HOUSTON Andre Agassi is one match from becoming the oldest winner of the ATP Tour's season-ending championship.
He faces a tough task, though: beating Roger Federer at the top of his powers.
Displaying the fluid game that brought him the Wimbledon title, Federer outclassed Andy Roddick 7-6 (2), 6-2 Saturday to reach the Tennis Masters Cup final.
Agassi, who's 33, beat Rainer Schuettler 5-7, 6-0, 6-4 in the other semifinal.
''A guy like Roger doesn't allow you to just lay off shots,'' Agassi said. ''He has firepower from a lot of different points.''
That was quite clear Saturday.
Federer flicked backhand passing shots at impossible angles, stretched into the doubles alley for volleys and chopped a brilliant lob that Roddick could only watch drop in while being broken in the next-to-last game.
''He was reading the game a lot faster than me,'' Roddick said. ''The guy has more natural flair and talent for the game than most than anybody, really.''
By improving to 5-1 against U.S. Open winner Roddick, Federer completed a hat-trick against the 2003 Grand Slam tournament champions. He beat Juan Carlos Ferrero (French Open) and Agassi (Australian Open) in round-robin action.
Federer will take home $1,520,000 if he beats Agassi again Sunday. He also can overtake Ferrero at No. 2 in the rankings and break a tie with Roddick for the tour lead by claiming his seventh title of 2003. Federer's 77 match wins are a season best.
''He's going to make you work,'' Federer said. ''It's my last match of the year, so I'm going to give it everything I have.''
At 22, Federer will have a decided ''age advantage'' in the best-of-five-set final against Agassi, whose first four matches this week all went the distance.
''I prefer my position by far,'' Federer said.
Agassi is the event's oldest finalist since 1978, and would be its oldest winner (Ilie Nastase was 29 in 1975).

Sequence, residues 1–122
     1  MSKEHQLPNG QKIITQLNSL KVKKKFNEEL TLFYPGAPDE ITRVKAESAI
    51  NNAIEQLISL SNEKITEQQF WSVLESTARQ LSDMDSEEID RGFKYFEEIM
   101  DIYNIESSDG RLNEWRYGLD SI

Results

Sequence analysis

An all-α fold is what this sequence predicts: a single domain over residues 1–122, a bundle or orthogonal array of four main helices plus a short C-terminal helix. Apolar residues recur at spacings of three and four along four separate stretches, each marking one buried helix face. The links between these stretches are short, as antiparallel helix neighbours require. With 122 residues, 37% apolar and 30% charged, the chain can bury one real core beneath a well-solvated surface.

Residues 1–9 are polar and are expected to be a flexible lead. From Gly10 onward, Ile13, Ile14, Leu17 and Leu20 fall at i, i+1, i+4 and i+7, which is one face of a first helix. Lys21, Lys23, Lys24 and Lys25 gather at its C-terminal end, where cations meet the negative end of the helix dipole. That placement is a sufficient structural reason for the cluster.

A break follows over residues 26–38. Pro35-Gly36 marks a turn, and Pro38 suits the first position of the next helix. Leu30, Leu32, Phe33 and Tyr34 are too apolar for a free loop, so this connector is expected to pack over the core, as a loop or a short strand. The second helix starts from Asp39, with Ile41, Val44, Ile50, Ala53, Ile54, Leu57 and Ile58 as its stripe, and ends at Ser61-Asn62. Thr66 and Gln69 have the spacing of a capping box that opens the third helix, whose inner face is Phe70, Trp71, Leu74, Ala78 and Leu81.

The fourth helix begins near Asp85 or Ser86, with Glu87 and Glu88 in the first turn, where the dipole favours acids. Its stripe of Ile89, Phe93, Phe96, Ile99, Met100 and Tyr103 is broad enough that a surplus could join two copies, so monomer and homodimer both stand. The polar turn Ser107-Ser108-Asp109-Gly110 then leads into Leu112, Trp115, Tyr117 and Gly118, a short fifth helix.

''Stats are stats. My age is irrelevant to me when I'm on the court,'' said Agassi, who won this event in 1990. ''The tennis speaks for itself. You can't bluff your way through anything.''
After dropping the first set against Schuettler, Agassi won eight straight games.
The streak began oddly, with Schuettler's racket sliding out of his sweaty right palm during a serve.
The racket skidded along the purple court and stopped 5 feet away. The serve landed in, though, and Agassi returned it into the open court. All Schuettler could do was playfully kick at the ball.
From there, Agassi broke Schuettler for the first time and grabbed control.
''That's why he's a great player,'' the sixth-ranked Schuettler said. ''If you give him just a little bit of space, he takes over.''
Federer needed to save two match points during his victory over Agassi on Monday.
That was much tighter than Federer's semifinal, which he dominated in just about every aspect. He had 30 winners to Roddick's 12, won the point on 84 percent of his trips to the net, and even outaced the American 12-5.
Federer never faced a break point and converted both that he earned.
Neither player broke in the first set, sending it to the tiebreaker. Three straight errors by Roddick gave the Swiss star a 4-1 lead, and a forehand into the net made it 5-2. Roddick reacted to that mistake by throwing his racket to the court.
A crosscourt forehand winner gave a set point to Federer, who converted it with an ace at 108 mph.
Roddick's right arm was massaged by tour trainer Doug Spreen during the changeover after the American held serve for a 2-1 lead in the second set.
Roddick already assured of ending 2003 ranked No. 1 didn't win another game.
He was broken to 3-2, with the final point reminiscent of Federer's straight-set win over Roddick in the Wimbledon semifinals. Roddick smacked a 128-mph first serve, but it came right back at him. That began an 11-stroke rally, with Federer hitting a deep crosscourt backhand to set up a backhand winner down the line.
Roddick is looking forward to a rest after a breakthrough season in which he won his first major title and soared from 10th in the rankings.
''I'm upset that I lost, but I'm relieved that the year's over,'' Roddick said. ''I'm going to kind of chill out for a little while now.''
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